Journal of Sensor Technology
Vol.06 No.04(2016), Article ID:71577,12 pages

A New Guide Wave Inspection System Using Three Polarized Transverse Wave EMATs without Any Couplant

Riichi Murayama

Faculty of Engineering, Fukuoka Institute of Technology, Fukuoka, Japan

Copyright © 2016 by author and Scientific Research Publishing Inc.

This work is licensed under the Creative Commons Attribution International License (CC BY 4.0).

Received: September 2, 2016; Accepted: October 24, 2016; Published: October 27, 2016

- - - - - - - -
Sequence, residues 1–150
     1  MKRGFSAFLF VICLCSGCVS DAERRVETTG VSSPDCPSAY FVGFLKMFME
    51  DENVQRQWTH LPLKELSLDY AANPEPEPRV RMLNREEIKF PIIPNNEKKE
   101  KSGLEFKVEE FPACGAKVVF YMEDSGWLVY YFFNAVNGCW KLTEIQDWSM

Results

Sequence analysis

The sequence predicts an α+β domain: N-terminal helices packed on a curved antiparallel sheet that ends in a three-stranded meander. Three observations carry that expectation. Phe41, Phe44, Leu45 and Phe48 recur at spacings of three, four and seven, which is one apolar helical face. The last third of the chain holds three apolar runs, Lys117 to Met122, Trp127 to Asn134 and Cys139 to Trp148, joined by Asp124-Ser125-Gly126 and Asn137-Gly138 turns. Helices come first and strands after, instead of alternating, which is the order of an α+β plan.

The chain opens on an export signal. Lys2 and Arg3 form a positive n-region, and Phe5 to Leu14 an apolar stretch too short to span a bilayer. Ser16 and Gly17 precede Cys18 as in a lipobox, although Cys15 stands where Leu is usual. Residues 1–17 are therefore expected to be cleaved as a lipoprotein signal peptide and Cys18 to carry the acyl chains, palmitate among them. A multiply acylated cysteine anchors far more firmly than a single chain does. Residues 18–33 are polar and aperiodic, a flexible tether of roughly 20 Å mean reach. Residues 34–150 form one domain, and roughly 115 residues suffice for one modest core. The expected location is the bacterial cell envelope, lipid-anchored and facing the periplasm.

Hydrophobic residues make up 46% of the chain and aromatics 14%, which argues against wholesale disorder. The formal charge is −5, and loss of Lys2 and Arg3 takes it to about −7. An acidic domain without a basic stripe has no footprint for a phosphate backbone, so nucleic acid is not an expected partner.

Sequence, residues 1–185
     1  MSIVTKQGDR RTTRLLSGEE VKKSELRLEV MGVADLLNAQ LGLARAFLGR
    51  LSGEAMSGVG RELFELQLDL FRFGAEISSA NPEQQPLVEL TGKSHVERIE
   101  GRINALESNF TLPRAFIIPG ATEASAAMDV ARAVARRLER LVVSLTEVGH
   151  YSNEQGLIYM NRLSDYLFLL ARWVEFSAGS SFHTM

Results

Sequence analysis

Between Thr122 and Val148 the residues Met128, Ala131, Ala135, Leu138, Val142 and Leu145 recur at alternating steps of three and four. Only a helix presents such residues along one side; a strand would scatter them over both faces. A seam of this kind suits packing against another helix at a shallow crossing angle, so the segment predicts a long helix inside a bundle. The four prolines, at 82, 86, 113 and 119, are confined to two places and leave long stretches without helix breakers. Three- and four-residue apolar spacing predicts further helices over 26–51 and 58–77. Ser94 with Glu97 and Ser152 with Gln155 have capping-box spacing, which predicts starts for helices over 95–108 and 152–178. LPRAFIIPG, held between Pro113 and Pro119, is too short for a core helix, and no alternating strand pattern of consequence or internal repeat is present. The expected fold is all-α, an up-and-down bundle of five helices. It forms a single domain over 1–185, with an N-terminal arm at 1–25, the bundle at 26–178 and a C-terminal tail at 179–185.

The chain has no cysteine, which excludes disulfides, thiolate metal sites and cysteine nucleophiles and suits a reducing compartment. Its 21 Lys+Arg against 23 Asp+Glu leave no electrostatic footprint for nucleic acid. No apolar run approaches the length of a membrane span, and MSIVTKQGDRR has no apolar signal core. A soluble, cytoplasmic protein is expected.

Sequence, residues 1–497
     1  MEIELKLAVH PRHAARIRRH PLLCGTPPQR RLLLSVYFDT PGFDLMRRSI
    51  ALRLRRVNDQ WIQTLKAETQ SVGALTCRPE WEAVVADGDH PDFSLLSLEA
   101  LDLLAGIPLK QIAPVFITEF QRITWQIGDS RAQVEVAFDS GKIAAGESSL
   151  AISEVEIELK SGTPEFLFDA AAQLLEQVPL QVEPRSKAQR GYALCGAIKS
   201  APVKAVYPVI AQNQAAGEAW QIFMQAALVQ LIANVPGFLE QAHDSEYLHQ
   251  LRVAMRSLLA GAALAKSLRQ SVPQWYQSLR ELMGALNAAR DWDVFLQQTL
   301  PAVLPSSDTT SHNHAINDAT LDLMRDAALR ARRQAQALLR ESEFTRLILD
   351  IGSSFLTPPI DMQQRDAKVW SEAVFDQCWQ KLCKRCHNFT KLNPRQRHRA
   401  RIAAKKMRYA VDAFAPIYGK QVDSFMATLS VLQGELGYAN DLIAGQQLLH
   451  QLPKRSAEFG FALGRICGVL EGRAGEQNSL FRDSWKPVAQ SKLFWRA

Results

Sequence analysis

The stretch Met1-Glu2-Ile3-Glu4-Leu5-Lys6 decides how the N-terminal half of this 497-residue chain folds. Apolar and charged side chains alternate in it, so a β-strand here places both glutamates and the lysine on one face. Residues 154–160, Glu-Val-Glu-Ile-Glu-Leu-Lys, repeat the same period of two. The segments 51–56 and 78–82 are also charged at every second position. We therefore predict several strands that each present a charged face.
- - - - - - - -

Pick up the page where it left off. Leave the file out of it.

A guide wave is provided with the characteristic of long range propagation in the axis direction of a pipe, so it is possible to detect many defects over a large pipe area at once. At present, there is a technique to generate a guide wave using a piezoelectric element (PZT). However, the transverse wave-transducer using PZT needs to require a high viscosity couplant because the transverse wave cannot travel into typical liquid like water or oil. A guide wave inspection system that uses an electromagnetic ultrasonic transducer (EMAT) which does not require any couplant has then been developed to solve this trouble. First, a guide wave into a pipe, L, T and F-mode, can be transmitted and received by a polarized shear horizontal transverse wave propagating to the thickness direction when the vibration direction has been adjusted to the best direction. At next stage, the three EMATs for L, T and F-mode with different polarized vibration directions were piled up to improve the performance at the same position under the permanent magnet to inspect the pipe at the same condition. Next, the system with the EMATs can be confirmed to be able to detect three guide wave modes signal with enough intensity. Finally, the detection performance using the test pipes with any artificial defects has been done by the developed pipe inspection system, and any drilled holes and any notches can be detected. It is indicated that the developed system could be useful in real industrial field.